Exploratory Data Evaluation, because the name suggests is evaluation to explore the information. It consists of quite a few components; neither are all essential on a regular basis, nor all of them have equal importance. Below, I’m listing down a number of components based on my experience. *Please note that it’s in no way an exhaustive list, but a guiding framework.*

## 1. Understand the lay of the land.

*You don’t know what you don’t know — but you’ll be able to explore!*

The at the start thing to do is to get the texture of the information — take a look at the information entries, eye-ball the column values. What number of rows, columns you’ve gotten.

- a retailer dataset might inform you —
*Mr X visited store#2000 on the 01st of Aug 2023 and purchased a can of Coke and one pack of Walker Crisps* - a social media dataset might inform you —
*Mrs Y logged onto the social networking website at 09:00 am on the third of June and browsed A, B, and C sections, looked for her friend Mr A after which logged out after 20 mins.*

It’s useful to get the business context of the information you’ve gotten, knowing the source and mechanism of information collection; *for e.g. survey data vs. digitally collected data etc.).*

## 2. Double-click into variables

Variables are the talking tongue of a dataset, they’re constantly talking to you. You simply must ask the best questions and listen fastidiously.

**→ Inquiries to ask::**– What do the variables mean/represent?

– Are the variables continuous or categorical? .. Any inherent order?

– What are the possible values they will take?

**→ ACTION::**

- For continuous variables — check distributions using histograms, box-plots and punctiliously study the mean, median, standard deviations etc.
- For categorical / ordinal variables — discover their unique values, and do a frequency table checking essentially the most / least occurring ones.

You could or may not understand all variables, labels and values — but attempt to get as much information as you’ll be able to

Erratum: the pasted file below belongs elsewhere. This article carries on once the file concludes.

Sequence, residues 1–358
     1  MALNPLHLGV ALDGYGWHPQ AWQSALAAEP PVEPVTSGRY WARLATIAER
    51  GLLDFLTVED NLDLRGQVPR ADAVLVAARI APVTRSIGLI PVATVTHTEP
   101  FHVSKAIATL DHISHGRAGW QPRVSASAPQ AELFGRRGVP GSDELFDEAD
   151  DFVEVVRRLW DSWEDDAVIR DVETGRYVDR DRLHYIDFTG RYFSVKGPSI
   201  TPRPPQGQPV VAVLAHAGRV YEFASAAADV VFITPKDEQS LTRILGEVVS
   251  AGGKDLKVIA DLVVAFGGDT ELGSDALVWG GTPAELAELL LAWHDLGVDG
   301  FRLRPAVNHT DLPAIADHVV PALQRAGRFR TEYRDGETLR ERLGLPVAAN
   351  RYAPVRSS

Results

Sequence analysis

## 3. Search for patterns/relationships in your data

Through EDA, you’ll be able to discover patterns, trends, and relationships throughout the data.

**→ Inquiries to ask::**

*– Do you’ve gotten any prior assumptions/hypothesis of relationships between variables?*

– Any business reason for some variables to be related to 1 one other?

– Do variables follow any particular distributions?

– Any business reason for some variables to be related to 1 one other?

– Do variables follow any particular distributions?

Data Visualisation techniques, summaries, and correlation evaluation help reveal hidden patterns that is probably not apparent at first glance. Understanding these patterns can provide priceless insights for decision-making or hypothesis generation.

**→ ACTION::**Think visual bi-variate evaluation.

- In case of continuous variables — use scatter plots, create correlation matrix / heat maps etc.
- A combination of continuous and ordinal/categorical variables — Consider plotting bar or pie charts, and create good-old contingency tables to visualise the co-occurrence.

EDA means that you can validate statistical assumptions, resembling normality, linearity, or independence, for evaluation or data modelling.

## 4. Detecting anomalies.

Here’s your probability to change into Sherlock Holmes in your data and search for anything out of the peculiar! Ask yourself::

**– Are there any duplicate entries within the dataset?**

Duplicates are entries that represent the identical sample point multiple times. Duplicates should not useful most often as they don’t give any additional information. They is perhaps the results of an error and may mess up your mean, median and other statistics.

→ Check together with your stakeholders and take away such errors out of your data.

**– Labelling errors for categorical variables?**

Search for unique values for categorical variables and create a frequency chart. Search for mis-spellings and labels that may represent similar things?